Williamson has whiskey on its mind.

Officials are hoping to capitalize on the county's tourism boom, which has grown over $100 million in the past five years, by putting the spotlight on the county's two new whiskey distilleries.

Williamson County Convention and Visitors Bureau officials gathered Wednesday to celebrate the future of tourism in the area as well as announce the opening of the county's newest distillery, Leiper's Fork Distillery, which will open July 16.

Lee Kennedy's 5,000-square-foot distillery, as well as a 2,500-square-foot log cabin, rests on 30 acres in Leiper's Fork. The log cabin, built in 1825, will hold tours, tastings, live music, retail and office space.

Leiper's Fork Distillery will offer a bourbon, Tennessee whiskey and a Tennessee rye whiskey.

"It's a great asset to the county," said Ellie Westman Chin, president and CEO of WCCVB. "We want to tie the two distilleries together as a draw along with Arrington Vineyards."


Legal whiskey manufacturing had been dried up since 1909 when Senate bill No. 11 banned the manufacturing of any alcoholic beverages within the state.

But in 2009, the statute limiting the manufacturing of spirits was amended by the Tennessee General Assembly, making distillation eligible in Williamson County.

Last year, Heath Clark of H. Clark Distillery in Thompson's Station was one of the key players in ushering legal whiskey into the county. Clark spent three years renovating and restoring a 100-year-old, 1,200-square-foot granary building in Thompson's Station, which became H. Clark Distillery.

Leiper's Fork Distillery will be about 20 minutes northwest of Clark's distillery.

Last year, tourism had a $407 million economic impact on the county. New attractions such as SOAR Adventure Tower, Tractor Supply Arena, Ravenwood Mansion in Brentwood and the Pilgrimage Music Festival helped draw visitors as well as jobs.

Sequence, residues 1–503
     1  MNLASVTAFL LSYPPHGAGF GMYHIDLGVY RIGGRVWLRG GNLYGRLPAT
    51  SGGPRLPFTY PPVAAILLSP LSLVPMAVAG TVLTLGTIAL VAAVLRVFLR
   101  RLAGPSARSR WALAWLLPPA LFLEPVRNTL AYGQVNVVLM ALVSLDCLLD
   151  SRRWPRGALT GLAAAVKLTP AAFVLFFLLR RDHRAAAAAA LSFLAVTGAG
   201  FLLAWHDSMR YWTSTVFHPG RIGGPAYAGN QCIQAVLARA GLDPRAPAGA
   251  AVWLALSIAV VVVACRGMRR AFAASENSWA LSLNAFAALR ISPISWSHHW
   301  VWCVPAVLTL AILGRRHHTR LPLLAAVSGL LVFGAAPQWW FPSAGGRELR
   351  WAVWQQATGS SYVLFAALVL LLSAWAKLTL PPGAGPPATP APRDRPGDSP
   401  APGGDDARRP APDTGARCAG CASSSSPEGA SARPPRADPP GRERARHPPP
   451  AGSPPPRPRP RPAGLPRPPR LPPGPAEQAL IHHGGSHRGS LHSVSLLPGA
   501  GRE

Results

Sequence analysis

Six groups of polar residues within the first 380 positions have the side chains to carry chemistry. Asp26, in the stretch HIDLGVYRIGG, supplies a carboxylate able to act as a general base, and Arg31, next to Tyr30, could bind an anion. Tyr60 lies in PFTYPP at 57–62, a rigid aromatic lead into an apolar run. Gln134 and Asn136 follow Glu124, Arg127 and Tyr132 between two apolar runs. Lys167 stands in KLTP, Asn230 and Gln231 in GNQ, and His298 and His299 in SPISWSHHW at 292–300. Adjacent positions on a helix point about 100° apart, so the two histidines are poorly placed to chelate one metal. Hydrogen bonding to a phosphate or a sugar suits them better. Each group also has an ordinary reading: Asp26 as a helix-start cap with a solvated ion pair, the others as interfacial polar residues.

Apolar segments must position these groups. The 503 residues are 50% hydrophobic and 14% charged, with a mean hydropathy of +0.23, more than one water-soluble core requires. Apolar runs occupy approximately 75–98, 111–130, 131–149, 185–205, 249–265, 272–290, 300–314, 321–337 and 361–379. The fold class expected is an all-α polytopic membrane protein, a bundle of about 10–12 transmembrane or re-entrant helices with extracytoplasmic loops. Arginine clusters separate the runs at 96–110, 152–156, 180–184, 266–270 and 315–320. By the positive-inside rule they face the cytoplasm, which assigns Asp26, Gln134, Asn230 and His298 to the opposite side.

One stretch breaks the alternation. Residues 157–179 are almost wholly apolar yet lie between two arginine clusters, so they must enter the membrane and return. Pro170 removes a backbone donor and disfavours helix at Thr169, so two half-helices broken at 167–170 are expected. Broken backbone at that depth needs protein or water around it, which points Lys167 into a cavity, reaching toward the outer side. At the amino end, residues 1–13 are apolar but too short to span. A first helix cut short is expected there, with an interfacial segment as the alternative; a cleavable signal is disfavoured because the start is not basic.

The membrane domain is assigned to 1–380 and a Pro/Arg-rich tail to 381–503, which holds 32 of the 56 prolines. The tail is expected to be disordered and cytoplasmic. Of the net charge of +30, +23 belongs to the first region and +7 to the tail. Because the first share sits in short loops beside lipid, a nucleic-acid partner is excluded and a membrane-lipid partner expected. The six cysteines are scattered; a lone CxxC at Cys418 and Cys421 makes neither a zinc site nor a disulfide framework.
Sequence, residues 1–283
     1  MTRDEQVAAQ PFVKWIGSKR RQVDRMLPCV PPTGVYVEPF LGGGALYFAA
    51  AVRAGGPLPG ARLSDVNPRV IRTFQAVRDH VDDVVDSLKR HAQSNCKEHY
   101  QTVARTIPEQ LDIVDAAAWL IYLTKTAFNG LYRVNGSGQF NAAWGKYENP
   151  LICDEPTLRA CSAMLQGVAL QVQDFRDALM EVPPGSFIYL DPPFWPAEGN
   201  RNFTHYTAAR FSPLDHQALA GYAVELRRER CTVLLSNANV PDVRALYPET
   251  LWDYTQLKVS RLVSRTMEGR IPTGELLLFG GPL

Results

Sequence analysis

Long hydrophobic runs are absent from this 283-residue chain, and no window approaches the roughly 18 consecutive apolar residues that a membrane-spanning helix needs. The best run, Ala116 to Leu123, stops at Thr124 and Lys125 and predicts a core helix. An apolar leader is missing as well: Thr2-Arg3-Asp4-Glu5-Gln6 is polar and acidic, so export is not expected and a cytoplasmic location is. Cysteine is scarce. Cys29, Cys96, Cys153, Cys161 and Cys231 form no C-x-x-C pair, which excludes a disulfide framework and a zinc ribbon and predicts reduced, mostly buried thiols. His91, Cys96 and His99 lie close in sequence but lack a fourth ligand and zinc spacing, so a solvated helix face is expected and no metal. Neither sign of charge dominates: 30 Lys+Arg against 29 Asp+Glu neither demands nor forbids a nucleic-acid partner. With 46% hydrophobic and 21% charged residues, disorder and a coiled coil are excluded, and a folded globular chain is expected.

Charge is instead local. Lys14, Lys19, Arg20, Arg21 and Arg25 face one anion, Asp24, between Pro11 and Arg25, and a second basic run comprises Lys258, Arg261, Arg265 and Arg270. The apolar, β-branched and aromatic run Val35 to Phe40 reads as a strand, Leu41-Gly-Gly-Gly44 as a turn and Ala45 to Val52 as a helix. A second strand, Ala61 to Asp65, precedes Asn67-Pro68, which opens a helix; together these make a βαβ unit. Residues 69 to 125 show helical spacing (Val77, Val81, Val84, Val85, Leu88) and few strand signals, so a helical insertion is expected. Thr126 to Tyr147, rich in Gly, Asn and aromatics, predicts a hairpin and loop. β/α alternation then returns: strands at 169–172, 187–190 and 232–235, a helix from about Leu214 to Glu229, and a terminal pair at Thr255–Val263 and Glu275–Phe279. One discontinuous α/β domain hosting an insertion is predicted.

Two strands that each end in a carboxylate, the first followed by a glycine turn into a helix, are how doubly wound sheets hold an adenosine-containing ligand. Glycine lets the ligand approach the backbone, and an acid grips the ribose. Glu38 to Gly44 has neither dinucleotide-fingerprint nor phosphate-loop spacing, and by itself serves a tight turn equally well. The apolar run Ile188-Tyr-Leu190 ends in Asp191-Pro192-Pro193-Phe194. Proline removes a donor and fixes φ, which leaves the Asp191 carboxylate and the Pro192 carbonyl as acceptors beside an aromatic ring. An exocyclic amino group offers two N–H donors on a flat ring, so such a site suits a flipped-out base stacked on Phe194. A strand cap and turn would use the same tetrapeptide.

According to the WCCVB, tourism now accounts for 2,990 local jobs, a number that the county expects to continue to grow.

Hotels also felt the impact of tourism. Area hotels saw an occupancy rate of 74 percent last year, which is 10 percent higher than the national average.

Eight more hotels have announced plans to open in the county over the next two years, adding 752 more rooms.

Leiper's Fork Distillery is housed in a beautiful building behind the log cabin. Inside, a 550-gallon, Scottish-style copper still is the centerpiece of the distillery.

Once the distillery opens, Kennedy said guests can take tours and learn the science behind the distillation process.

"It's really a thriving industry that we are happy to be a part of," said April Cantrell, Leiper's Fork Distillery marketing director.

Westman Chin said the county is looking forward to having new attractions and continuing its growth into the future.

"It's just another reason for people to come experience what Williamson County has to offer," she said.

For more information visit leipersforkdistillery.com, hclarkdistillery.com and visitfranklin.com.


 Collin Czarnecki, cczarnecki@tennessean.com4:36 p.m. CDT May 5, 2016

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